U.S. employers added a solid 199,000 jobs last month and the unemployment rate fell, fresh signs that the economy could achieve an elusive “soft landing,” in which inflation would return to the Federal Reserve’s two per cent target without causing a steep recession.

Friday’s report from the Labor Department showed that the unemployment rate dropped from 3.9 per cent to 3.7 per cent, not far above a five-decade low of 3.4 per cent in April. The unemployment rate has now remained below four per cent for 22 straight months, the longest such streak since the late 1960s.

November's job gain was a reminder that many employers continue to hire, though last month’s increase was inflated by the return of about 40,000 formerly striking auto workers and actors, who were not at work in October but returned in November.

The jobs report and other recent data portray an economy and a labour market that, while still sturdy, are downshifting back to pre-pandemic norms. Businesses are still hiring but are less desperate to fill jobs. More Americans either have a job or are looking for one. As a result, employers are having an easier time hiring, with less pressure to rapidly raise pay, which can fuel inflation.

The job market is decelerating in a way that Fed officials have wanted to see. Hiring has averaged just over 200,000 a month in the past three months, down from an average of about 320,000 in the same period last year.

Wages are also growing at a slower but still-healthy pace. In November, average hourly pay rose four per cent from 12 months earlier, the slowest pace in more than two years. Still, wages are now growing faster than inflation, which should support consumer spending.

One sign of potential concern is that hiring has remained concentrated mainly in a few sectors. The health care industry — doctors' offices and hospitals — added a strong 93,000 jobs in November. Hotels and restaurants added 40,000, governments 49,000. By contrast, retailers, shipping and warehousing companies and temporary help agencies all cut jobs.

The Fed has raised its key short-term rate from near zero to about 5.4 per cent, a 22-year peak, leading to higher borrowing rates for consumers and businesses and lower inflation. Despite that headwind, the economy and the job market are still expanding. Layoffs remain historically low.

When the Fed meets next week, it is considered sure to keep its benchmark rate unchanged for the third straight time in light of the easing inflation pressures. Most economists and Wall Street traders think the Fed’s next move will be to cut rates, though that might not happen until the second half of 2024.

Even modest hiring helps ensure that consumers, who drive most of the economy’s growth, keep spending. Early reports on holiday shopping showed healthy growth in online sales.

Many of the most recent economic figures have pointed toward a potential soft landing. Companies are advertising fewer job openings, and Americans are switching jobs less often than they did a year ago, trends that typically slow wage growth and inflation pressures. Hiring is cooling, and price increases have moderated significantly.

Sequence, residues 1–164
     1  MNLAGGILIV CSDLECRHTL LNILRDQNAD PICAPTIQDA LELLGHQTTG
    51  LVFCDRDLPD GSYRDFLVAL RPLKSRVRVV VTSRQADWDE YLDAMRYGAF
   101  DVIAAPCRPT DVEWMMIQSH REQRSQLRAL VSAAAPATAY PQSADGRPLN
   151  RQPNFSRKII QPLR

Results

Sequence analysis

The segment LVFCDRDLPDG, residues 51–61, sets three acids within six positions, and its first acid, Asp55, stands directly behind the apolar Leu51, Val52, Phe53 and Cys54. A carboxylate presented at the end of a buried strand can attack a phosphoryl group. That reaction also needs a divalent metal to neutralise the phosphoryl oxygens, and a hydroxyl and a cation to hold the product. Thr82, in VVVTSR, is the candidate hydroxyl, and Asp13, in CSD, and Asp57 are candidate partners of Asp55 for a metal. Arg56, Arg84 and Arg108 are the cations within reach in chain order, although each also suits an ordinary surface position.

Still, the number of people receiving unemployment aid, though still low, has risen. And for much of this year, hiring has been concentrated in just a few sectors — notably health care, restaurants and hotels and government — rather than broadly across the economy.

For now, most analysts are offering a positive outlook of slower but still steady growth and easing inflation. The economy is expected to expand at a modest 1.5 per cent annual rate in the final three months of this year, down from a scorching 5.2 per cent pace in the July-September quarter. Cooler growth should help bring down inflation while still supporting a modest pace of hiring.

The economy is still growing even after the Fed has raised its benchmark rate 11 times, from near zero in March 2022. The aggressive pace of those hikes has made mortgages, auto loans and business borrowing much more expensive.

At the same time, inflation has tumbled from a peak of 9.1 per cent in June 2022 to just 3.2 per cent last month. And according to a different inflation measure that the Fed prefers, prices rose at just a 2.5 per cent annual rate in the past six months — not far below the central bank’s target.

Such progress has fueled speculation in the financial markets that the Fed could soon cut its benchmark rate, perhaps as early as March. Wall Street traders now expect five rate cuts next year, according to futures prices tracked by CME FedWatch. Most economists envision fewer.

Christopher Waller, a key Fed official who typically favors higher rates, buoyed the markets’ expectations last week when he suggested that if inflation kept falling, the Fed could cut rates as early as spring.

Fed Chair Jerome Powell, though, pushed back against such speculation last Friday, when he said it was “premature to conclude” that the Fed has raised its benchmark rate high enough to quell inflation. And it was too soon, he added, to “speculate” about when the Fed might cut rates.

But Powell also said interest rates are “well into” restrictive territory, meaning that they’re clearly constraining growth. Many analysts took that remark as a signal that the Fed is done raising rates.